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City’s Covid growth rate 6.6%, but five areas see 10% rise daily

By Mehul R Thakkar, Mumbai
PUBLISHED ON MAY 27, 2020 11:38 PM IST

While the growth rate of Covid-19 is 6.6% in the city on an average, the Brihanmumbai Municipal Corporation (BMC) has identified five neighbourhoods — Ghatkopar, Mulund, Bhandup, Vikhroli, Goregaon and Kandivli — where the daily growth rate is 10% or more as of May 22.

BMC’s weekly data shows hotspots like Dharavi, Worli, Byculla, Mazgaon, Kurla, Bandra (East) are showing a slower growth rate (4%-7%). Areas with growth rates higher than 8% are termed high-risk, BMC officials said.

High-risk areas include P (North) ward (Malad) where the growth rate is 11.9%; P (South) ward (Goregaon), where the growth rate is 10.9%; R (Central) ward (Borivli) where the growth rate is 8.9%; and R (South) (Kandivli) where the growth rate is 9.4%.

In the eastern suburbs, N ward (Ghatkopar) has the highest growth rate (13.7%) followed by T ward (Mulund, 11.9%). F (South) Ward in central Mumbai (Parel, Lalbaug, Sewri) has a growth rate of 8.2%.

When asked about the high growth rate in Borivli and Kandivli, deputy municipal commissioner Vishwas Shankarwar said, “We have a higher growth rate than others also because our cases are fewer. Our increase is reflected faster in terms of percentage owing to the smaller number when compared to areas with more cases. However, we are adopting all measures to contain the spread, especially in slums, by rigorous contact tracing.”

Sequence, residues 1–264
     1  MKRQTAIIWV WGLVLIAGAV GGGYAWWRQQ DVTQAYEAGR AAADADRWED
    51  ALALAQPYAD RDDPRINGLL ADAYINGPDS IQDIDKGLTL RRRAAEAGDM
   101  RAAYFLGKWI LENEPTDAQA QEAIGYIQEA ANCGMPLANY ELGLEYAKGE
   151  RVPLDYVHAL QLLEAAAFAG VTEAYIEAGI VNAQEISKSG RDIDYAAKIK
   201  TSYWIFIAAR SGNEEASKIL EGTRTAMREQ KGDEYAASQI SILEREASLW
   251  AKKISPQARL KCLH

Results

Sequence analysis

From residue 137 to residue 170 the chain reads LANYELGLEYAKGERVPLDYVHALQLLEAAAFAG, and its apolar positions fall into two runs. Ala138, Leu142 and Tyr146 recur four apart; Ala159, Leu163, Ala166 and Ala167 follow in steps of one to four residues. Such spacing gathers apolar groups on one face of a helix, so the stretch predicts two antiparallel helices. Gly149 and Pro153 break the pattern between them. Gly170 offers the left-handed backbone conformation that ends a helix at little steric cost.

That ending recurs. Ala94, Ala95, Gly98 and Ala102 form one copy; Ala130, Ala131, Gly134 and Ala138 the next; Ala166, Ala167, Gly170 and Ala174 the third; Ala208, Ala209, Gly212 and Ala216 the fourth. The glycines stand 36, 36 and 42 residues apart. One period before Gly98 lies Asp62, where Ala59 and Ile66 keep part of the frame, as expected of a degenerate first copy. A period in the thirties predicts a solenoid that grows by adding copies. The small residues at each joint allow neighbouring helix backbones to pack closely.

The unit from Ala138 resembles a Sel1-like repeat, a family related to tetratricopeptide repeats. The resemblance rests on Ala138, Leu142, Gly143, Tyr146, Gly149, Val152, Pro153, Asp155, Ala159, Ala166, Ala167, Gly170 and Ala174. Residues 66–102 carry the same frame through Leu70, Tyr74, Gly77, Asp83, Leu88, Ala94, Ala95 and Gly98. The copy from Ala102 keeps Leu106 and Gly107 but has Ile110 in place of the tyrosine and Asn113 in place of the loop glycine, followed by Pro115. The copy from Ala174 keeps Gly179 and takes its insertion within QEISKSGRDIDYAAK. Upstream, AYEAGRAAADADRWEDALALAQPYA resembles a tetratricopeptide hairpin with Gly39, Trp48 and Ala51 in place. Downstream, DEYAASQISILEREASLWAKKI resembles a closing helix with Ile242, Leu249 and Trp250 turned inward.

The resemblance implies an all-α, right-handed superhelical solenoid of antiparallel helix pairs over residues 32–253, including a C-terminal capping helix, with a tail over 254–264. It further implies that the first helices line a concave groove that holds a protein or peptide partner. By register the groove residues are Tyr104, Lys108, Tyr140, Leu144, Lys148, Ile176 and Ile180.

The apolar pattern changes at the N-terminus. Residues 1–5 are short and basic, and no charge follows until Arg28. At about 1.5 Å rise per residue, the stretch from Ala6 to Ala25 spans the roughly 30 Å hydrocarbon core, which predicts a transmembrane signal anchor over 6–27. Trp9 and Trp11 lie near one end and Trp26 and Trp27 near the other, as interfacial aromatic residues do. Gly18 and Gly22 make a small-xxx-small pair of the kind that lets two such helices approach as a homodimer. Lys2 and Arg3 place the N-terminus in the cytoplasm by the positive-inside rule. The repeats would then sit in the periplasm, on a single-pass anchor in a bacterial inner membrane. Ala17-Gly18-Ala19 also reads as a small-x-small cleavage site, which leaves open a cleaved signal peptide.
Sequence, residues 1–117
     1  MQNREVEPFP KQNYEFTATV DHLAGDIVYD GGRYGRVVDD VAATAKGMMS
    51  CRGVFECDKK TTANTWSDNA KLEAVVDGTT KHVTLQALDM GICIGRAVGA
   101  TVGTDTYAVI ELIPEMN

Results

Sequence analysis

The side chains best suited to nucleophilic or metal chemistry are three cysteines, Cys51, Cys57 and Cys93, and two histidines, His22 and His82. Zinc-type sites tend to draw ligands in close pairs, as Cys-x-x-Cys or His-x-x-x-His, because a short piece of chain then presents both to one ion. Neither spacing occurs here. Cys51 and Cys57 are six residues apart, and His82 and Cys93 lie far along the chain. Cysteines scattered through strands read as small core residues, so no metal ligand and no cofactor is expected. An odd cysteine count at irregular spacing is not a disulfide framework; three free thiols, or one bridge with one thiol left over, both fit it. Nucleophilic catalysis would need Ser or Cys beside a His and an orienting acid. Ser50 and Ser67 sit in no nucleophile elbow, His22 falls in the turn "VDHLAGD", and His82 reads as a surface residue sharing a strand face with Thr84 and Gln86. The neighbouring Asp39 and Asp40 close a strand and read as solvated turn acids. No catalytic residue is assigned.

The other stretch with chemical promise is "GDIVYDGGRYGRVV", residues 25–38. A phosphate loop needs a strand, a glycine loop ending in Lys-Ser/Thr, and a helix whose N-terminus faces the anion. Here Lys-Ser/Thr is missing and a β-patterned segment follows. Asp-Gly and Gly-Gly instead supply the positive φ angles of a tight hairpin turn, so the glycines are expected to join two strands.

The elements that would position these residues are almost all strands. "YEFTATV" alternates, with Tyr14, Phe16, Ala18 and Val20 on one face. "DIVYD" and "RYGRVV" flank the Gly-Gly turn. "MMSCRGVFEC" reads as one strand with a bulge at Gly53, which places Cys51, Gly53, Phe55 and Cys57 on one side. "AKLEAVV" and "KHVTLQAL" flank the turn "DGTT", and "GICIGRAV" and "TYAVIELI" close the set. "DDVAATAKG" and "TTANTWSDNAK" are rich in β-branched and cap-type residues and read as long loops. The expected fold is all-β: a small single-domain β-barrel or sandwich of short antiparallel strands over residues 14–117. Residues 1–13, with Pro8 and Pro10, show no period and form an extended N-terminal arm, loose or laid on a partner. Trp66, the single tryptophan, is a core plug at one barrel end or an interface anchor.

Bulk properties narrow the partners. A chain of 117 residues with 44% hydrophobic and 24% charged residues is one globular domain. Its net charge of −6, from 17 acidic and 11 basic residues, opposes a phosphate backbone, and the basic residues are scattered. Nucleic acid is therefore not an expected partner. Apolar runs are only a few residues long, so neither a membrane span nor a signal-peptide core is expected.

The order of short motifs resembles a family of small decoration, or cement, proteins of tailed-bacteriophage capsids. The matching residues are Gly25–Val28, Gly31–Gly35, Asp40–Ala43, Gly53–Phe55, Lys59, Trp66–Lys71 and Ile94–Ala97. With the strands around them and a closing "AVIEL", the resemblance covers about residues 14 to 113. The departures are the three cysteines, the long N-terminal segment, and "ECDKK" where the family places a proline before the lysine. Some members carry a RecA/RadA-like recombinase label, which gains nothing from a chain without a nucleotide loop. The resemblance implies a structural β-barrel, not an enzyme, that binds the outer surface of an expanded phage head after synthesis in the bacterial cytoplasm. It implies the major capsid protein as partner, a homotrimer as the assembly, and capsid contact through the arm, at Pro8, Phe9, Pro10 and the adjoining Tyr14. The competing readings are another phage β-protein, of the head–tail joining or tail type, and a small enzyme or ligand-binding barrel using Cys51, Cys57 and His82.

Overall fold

Some corporators have recommended sealing slums. Bharatiya Janata Party (BJP) corporator from Goregaon, Sandeep Patel said, “No matter how much we try, the slums will remain a challenge. I feel all the slums should be sealed, irrespective of there being cases or not.” BJP Corporator Nehal Shah said, “They [BMC] should have sealed all slums in the beginning and should have tested for cases within the area.”

Explaining Ghatkopar’s high growth rate of 13.7%, assistant municipal commissioner of N ward, Ajitkumar Ambi said, “There were several people who were getting tested by private laboratories without showing any symptoms. Due to this, the [number of] cases went up. We have to do focused testing now and cannot test everyone, considering the testing guidelines expected to be followed. The growth rate has come down compared to last week. Also, in government staff quarters, people are working and stepping out. Hence the chances of getting the virus increase. It is not that cases are coming only from slums, but also [residential] societies and high-rises.”

Kishore Gandhi, assistant municipal commissioner of T ward, said citizens observing lockdown guidelines had brought Covid-19’s growth rate down in his area. “Our growth rate was 11% on May 22, but it has now come down to 8%. We have contained the spread in the slums by quarantining maximum possible high-risk contacts. However, the numbers now are increasing and we are getting cases from non-slum areas, from high-rises. There is no strategy but to implement the knockdown efficiently,” said Gandhi.

Public health consultant Dr Sanjay Pattiwar said, “Containing virus in densely-populated areas like slums is a very difficult task, but the only thing that will help is to institutionally quarantine a maximum number of citizens from these areas. We cannot have movement in Mumbai like earlier until a vaccine is available. However, we can classify who can go out until then.”

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